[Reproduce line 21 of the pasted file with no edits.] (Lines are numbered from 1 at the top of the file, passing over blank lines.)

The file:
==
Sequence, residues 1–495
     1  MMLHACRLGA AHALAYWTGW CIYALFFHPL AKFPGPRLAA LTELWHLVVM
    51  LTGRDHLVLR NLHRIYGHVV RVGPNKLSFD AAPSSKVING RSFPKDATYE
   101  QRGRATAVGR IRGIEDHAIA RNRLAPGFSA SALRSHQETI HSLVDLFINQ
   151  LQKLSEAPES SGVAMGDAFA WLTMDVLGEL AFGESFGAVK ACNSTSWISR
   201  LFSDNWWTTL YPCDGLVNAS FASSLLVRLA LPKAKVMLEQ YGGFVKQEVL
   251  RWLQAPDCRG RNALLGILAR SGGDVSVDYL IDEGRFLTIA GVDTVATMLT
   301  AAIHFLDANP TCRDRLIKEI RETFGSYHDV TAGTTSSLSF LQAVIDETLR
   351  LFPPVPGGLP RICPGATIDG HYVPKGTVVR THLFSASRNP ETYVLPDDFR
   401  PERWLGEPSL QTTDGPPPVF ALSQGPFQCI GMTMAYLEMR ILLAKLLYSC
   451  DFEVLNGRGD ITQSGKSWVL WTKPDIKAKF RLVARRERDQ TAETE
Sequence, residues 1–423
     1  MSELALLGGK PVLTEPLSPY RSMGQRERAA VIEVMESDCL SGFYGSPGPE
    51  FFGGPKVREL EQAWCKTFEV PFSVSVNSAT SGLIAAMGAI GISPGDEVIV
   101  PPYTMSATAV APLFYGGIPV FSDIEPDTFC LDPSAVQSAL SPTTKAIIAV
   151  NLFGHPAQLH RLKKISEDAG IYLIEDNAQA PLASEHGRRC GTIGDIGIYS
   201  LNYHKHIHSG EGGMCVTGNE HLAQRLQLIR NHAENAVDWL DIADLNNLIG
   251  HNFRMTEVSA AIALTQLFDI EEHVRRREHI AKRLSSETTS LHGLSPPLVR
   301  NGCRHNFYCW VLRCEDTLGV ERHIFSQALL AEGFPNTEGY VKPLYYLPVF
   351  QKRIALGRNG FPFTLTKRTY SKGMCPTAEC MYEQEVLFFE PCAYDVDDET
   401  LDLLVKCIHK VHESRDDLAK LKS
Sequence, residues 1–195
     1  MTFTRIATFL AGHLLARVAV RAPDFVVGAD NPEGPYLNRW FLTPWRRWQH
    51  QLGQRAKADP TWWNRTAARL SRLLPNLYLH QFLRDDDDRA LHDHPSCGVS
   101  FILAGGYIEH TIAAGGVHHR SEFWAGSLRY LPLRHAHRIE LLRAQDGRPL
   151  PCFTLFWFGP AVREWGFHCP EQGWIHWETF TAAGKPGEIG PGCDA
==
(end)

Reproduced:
   401  LDLLVKCIHK VHESRDDLAK LKS